Computer Supported Cooperative Work (CSCW)

, Volume 15, Issue 5–6, pp 419–441 | Cite as

The Wireless Nursing Call System: Politics of Discourse, Technology and Dependability in a Pilot Project

Article

Abstract

This paper discusses a research project in which social scientists were involved both as analysts and supporters during a pilot with a new wireless nursing call system. The case thus exemplifies an attempt to participate in developing dependable health care systems and offers insight into the challenges of developing and supporting such systems. The analysis proposes that while dependability is not simply a technical issue, neither is it something, which can be improved merely by adding a social dimension. Instead, it argues that dependability is a relative concept, which may mean different things conditional on how it is specified in practice and who gets to do this. This relativity makes it important to relate the question of how to support dependable health care systems to an analysis of both the politics of technology within specific projects and to the politics of discourse, through which the researcher becomes involved in such projects.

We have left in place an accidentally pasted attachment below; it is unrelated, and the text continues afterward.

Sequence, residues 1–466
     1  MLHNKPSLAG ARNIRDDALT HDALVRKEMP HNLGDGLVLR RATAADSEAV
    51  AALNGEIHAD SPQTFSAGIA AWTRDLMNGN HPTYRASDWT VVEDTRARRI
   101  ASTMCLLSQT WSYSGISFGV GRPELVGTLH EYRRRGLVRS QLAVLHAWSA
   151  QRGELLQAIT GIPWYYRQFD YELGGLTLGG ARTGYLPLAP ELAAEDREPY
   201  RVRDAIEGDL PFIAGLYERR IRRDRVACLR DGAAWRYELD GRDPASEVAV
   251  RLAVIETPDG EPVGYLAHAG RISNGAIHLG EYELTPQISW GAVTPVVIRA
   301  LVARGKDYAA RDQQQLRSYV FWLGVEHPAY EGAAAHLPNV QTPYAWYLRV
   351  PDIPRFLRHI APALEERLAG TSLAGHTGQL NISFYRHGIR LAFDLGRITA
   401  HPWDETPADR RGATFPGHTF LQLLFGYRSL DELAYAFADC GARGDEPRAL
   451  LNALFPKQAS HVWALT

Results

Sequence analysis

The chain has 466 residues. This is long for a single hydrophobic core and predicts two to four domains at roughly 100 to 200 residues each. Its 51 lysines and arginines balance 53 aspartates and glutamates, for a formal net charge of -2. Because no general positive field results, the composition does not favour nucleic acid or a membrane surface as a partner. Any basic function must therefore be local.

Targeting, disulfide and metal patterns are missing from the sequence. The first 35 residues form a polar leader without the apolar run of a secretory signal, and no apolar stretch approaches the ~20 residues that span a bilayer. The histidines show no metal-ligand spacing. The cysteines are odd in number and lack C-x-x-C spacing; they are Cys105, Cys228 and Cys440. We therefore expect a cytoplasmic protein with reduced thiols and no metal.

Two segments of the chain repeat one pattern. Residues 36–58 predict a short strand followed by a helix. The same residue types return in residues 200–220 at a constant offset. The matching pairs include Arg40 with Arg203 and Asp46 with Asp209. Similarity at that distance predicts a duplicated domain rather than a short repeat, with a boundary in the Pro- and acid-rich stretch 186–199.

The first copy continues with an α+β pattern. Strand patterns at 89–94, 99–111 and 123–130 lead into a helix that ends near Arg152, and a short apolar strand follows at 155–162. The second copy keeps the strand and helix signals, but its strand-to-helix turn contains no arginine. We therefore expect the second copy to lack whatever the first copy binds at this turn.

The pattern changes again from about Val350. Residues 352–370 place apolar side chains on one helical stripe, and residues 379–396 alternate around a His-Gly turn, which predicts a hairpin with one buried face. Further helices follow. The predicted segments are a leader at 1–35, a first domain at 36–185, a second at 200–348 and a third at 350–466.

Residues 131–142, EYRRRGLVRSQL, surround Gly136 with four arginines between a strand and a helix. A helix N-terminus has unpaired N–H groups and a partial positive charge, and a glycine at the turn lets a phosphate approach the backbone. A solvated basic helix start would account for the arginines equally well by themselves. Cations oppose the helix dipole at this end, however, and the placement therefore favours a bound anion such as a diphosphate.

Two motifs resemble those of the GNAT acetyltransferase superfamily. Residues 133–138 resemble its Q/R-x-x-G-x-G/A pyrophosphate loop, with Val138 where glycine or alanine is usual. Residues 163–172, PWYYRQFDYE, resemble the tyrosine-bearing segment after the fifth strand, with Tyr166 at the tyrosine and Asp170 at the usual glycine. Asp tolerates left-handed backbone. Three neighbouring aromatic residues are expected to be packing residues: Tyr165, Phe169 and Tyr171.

dependability discourse health care politics technology 

Notes

Acknowledgment

I would like to thank Nina Boulus and, especially, Servane Mason for their observations and suggestions. I would like to acknowledge the Social Sciences and Humanities Research Council of Canada for their support of the ACTION for Health Research Program, funded through the Initiative for a New Economy Collaborative Research Initiative.

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Copyright information

© Springer Science+Business Media B.V. 2006

Authors and Affiliations

  1. 1.Department of Information and Media StudiesUniversity of Aarhus8200 Aarhus NDenmark

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